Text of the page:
A manuscript: a pile of plain, stapled, yellowed sheets titled Sunrise sits next to an old, green book called Hymns of the Marshes. How are they related? Well, Sunrise happens to be one of Sidney Lanier’s poems about the Marshes of Glynn in Georgia, those same marshes that this book embodies.
The manuscript of the poem is lovely to look at; Sidney Lanier’s charming handwriting could be a love letter font. But of course, this is not the font that is published in the book. Sunrise is printed in something closer to Times New Roman, but it benefits from being published with the rest of the poems in Hymns of the Marshes. The book is bound in publisher’s binding and the title is embossed in gold, which is like a statement of the marshes’ value in nature. “Sunrise” starts the book, just as the sunrise marks the start of the day.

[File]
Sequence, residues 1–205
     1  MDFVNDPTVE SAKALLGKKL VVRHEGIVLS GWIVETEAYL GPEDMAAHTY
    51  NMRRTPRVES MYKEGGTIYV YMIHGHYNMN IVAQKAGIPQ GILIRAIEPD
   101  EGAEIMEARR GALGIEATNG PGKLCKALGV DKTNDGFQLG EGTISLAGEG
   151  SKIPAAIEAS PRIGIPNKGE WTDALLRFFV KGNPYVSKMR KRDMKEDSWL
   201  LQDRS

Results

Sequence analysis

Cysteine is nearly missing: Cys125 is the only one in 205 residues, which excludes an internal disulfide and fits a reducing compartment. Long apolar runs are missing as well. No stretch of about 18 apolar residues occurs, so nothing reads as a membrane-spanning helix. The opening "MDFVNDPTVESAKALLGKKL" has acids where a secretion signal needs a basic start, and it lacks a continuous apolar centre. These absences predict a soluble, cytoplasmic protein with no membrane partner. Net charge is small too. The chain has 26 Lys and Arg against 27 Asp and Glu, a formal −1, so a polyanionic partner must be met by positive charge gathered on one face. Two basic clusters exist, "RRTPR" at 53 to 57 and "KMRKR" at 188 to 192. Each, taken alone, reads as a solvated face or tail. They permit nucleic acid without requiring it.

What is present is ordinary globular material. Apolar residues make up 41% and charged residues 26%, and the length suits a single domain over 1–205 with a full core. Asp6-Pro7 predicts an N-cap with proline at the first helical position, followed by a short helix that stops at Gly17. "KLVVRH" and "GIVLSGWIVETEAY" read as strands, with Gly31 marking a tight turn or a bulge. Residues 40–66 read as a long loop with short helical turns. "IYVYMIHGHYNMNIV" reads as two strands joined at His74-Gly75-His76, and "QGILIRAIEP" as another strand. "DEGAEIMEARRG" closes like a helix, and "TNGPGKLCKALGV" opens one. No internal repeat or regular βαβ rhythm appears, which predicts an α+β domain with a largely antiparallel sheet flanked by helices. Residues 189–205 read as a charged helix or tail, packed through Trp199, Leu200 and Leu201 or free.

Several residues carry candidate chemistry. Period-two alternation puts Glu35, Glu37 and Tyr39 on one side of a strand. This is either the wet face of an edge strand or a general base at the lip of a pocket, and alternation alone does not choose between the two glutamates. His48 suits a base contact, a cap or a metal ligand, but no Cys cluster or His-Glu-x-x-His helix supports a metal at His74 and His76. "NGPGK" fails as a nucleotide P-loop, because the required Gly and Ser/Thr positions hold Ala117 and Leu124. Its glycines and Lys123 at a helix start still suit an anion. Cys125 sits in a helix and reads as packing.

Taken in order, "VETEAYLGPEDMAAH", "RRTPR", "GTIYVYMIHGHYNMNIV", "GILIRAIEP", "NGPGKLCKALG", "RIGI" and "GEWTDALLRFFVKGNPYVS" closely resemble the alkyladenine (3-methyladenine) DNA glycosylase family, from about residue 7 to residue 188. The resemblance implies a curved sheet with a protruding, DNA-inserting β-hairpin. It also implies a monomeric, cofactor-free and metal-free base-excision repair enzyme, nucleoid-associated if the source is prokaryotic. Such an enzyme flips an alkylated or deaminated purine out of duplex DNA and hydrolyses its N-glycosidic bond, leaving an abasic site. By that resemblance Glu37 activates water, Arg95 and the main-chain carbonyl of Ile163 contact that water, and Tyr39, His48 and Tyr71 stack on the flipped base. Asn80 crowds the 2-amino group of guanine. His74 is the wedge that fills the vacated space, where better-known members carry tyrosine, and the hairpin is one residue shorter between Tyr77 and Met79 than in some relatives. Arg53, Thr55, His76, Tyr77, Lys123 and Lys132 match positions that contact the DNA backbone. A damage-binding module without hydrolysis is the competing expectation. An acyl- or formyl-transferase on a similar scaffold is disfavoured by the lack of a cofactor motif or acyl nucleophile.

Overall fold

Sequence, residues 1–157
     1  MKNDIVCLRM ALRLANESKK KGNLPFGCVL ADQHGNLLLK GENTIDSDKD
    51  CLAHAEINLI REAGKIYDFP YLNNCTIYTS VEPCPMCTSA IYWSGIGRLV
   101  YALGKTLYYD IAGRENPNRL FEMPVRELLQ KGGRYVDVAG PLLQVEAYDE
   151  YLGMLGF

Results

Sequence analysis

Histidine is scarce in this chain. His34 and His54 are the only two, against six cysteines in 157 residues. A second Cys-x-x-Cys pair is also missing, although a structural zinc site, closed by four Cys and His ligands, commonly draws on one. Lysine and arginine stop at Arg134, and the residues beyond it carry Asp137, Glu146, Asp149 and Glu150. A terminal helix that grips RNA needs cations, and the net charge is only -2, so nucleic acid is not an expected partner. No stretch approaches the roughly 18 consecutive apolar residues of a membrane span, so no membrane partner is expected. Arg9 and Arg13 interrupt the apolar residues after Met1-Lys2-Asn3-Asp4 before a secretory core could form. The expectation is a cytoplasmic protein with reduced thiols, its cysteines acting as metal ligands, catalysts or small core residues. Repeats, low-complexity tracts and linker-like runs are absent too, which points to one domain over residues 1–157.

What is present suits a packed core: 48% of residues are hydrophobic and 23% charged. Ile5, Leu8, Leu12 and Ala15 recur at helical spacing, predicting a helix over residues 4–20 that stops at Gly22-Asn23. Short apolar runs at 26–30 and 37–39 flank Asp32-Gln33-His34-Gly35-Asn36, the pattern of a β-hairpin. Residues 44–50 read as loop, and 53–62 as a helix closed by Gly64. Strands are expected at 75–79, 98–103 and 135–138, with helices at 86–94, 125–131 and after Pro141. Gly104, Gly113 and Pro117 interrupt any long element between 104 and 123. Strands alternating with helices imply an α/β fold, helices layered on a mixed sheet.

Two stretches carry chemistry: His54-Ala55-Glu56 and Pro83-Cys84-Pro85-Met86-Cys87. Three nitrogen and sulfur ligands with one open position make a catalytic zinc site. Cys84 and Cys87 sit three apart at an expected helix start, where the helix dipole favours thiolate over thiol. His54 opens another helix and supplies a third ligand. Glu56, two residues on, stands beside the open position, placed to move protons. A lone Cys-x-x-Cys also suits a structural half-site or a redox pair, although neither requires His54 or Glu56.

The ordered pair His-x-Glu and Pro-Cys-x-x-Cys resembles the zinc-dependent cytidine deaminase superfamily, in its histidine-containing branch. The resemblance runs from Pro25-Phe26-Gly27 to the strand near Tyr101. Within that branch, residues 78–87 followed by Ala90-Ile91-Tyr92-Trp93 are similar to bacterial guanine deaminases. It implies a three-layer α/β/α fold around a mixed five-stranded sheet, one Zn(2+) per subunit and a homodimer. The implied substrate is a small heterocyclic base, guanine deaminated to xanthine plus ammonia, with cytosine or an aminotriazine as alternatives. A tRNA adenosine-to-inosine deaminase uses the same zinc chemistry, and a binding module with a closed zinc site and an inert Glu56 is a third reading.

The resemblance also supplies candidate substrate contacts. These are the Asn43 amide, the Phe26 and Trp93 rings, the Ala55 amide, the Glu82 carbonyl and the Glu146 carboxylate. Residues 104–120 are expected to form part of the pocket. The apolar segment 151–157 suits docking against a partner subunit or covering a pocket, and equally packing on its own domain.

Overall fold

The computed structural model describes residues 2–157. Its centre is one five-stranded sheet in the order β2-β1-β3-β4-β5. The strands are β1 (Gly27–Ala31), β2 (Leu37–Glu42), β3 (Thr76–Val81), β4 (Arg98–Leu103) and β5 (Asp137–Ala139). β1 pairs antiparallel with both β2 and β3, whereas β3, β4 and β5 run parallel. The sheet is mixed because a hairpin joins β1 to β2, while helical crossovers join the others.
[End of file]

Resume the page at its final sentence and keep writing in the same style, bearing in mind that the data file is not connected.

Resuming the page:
The text is centered as it is in the manuscript and written on recto sheets, but it is paired with photographs. There is one picture on the first page to accompany the text, and on the succeeding page is another photograph on the right with a couple of lines on the verso side. Such organization may seem like it would speed up the reading, but it slows readers down by encouraging them to concentrate on single pages of text. This helps them envision the sunrise on every page verses every two pages. This method is enhanced by the blank verso pages because text on the recto sheets is isolated, which helps readers focus more.
The photographs influence the reader’s sense of setting, but the other poems in the book also shape his or her perspective of Sunrise because together, they provide a holistic view of the marshes. Thanks to the thought that was put into printing the Hymns of the Marshes, Sunrise is experienced more in the book than it can be from the manuscript.